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Central Banks Cut Interest Rates; Stocks Rise

Top officials of the U.S. central bank decided to cut their key interest rate by half a percent to one percent Wednesday.

U.S. Federal Reserve officials say they made the cut because the economy is slowing "markedly". In a note explaining their decision, Fed officials said key parts of the economy, like consumer spending and business investment are slowing down. This is the second rate cut in a month, and officials expect lower interest rates and other efforts to bolster the economy will eventually return "moderate" economic growth.

The Fed is one of many central banks around the world cutting rates in an effort to stimulate the battered global economy.

China's central bank has also cut interest rates, a top official of the European Central Bank says the ECB is likely to slash rates next week, and news reports say Japan might reduce its already-low interest rate.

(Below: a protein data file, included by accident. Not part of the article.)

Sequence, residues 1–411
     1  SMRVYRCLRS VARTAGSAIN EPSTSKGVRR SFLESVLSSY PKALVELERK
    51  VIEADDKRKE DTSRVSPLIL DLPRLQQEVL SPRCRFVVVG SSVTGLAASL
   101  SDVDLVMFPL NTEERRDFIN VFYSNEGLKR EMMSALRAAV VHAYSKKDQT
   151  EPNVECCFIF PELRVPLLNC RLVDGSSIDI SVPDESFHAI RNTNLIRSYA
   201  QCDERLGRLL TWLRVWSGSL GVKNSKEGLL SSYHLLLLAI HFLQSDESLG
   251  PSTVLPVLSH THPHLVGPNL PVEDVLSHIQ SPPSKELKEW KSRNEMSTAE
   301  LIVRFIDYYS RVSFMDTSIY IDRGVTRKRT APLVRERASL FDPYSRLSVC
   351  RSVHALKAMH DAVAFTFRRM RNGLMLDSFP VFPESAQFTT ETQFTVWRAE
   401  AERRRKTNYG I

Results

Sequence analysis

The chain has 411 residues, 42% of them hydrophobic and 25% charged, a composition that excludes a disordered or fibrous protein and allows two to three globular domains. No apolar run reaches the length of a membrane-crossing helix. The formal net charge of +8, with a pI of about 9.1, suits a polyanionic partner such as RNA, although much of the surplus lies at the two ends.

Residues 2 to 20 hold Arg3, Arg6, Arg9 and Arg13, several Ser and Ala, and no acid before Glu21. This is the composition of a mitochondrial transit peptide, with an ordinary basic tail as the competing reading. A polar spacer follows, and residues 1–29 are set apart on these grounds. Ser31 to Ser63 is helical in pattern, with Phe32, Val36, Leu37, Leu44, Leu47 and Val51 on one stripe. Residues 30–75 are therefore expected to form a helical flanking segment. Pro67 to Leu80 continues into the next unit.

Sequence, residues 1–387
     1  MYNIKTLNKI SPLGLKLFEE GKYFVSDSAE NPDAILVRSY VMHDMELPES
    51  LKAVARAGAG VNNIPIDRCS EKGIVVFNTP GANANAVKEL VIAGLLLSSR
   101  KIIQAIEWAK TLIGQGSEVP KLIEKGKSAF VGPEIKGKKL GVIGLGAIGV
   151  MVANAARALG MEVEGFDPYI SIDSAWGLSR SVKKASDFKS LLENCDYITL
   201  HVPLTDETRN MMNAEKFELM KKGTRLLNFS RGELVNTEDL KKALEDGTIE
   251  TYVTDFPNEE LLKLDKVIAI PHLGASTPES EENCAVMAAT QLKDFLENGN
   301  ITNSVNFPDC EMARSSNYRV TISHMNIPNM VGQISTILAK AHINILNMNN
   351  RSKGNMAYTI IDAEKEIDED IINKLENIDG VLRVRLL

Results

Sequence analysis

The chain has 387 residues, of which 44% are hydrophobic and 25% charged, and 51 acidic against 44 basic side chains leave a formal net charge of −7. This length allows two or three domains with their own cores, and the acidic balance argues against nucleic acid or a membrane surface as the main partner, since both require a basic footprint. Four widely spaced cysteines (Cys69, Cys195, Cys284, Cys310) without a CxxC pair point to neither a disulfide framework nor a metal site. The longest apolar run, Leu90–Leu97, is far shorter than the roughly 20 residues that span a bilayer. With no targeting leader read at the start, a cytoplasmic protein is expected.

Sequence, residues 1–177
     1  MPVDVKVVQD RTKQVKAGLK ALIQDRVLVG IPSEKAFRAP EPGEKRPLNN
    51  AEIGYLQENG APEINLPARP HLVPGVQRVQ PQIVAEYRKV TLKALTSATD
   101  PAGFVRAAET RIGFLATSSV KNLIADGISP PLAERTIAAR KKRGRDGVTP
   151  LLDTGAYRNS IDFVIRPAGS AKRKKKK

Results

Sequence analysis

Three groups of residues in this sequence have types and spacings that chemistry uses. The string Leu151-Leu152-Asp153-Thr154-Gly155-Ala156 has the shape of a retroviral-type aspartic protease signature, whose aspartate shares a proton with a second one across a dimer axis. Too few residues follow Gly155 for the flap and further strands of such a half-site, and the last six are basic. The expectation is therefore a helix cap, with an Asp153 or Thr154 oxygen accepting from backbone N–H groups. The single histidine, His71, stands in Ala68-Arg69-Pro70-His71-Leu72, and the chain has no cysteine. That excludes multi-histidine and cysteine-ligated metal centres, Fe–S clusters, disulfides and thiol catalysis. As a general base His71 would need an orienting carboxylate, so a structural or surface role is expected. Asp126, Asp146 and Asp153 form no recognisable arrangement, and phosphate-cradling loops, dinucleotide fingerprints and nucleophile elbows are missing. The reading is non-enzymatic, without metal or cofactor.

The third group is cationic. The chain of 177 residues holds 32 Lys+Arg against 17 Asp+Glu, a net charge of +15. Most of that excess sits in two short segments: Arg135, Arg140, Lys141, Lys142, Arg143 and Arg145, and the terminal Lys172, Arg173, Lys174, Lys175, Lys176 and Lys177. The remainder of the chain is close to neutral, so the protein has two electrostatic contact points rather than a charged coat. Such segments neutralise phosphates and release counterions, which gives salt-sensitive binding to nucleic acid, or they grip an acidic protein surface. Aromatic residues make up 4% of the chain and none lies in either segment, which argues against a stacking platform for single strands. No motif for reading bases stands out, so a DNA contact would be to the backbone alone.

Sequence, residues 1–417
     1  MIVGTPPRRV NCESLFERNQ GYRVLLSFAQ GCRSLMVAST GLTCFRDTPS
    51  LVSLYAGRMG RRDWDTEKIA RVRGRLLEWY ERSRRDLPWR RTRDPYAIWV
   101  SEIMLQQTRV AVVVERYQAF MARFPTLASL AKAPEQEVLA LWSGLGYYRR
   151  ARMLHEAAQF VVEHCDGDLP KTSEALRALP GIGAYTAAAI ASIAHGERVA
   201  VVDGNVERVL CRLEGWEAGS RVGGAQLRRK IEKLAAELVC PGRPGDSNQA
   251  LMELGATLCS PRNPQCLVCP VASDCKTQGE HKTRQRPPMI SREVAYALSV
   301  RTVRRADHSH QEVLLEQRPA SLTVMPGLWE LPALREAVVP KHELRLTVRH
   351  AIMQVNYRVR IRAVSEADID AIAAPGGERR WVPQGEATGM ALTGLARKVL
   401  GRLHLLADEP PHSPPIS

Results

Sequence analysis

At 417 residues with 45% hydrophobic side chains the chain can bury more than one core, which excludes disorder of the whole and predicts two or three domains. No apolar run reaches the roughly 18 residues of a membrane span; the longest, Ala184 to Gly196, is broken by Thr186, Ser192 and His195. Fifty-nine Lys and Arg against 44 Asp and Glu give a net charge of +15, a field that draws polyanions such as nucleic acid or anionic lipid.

The cuts are intended to boost economies by making it cheaper to borrow money to buy the things needed to expand businesses, build homes, and create jobs.

U.S. share prices declined right after the Fed rate cut was announced, but other investors cheered the latest in a long series of efforts to head off a global recession. Stock prices also declined in Germany, but surged upward in Tokyo, London and Paris. Stocks made modest gains in Hong Kong.

Another sign that recovery efforts are beginning to help is seen in the increased willingness of banks to lend money to each other. The "Libor" rate measures how worried lenders are that they might not be repaid, and it has been gradually improving (i.e., declining) for about two weeks. Tight credit markets have threatened to stall the economy.

Some information for this report was provided by AFP and AP.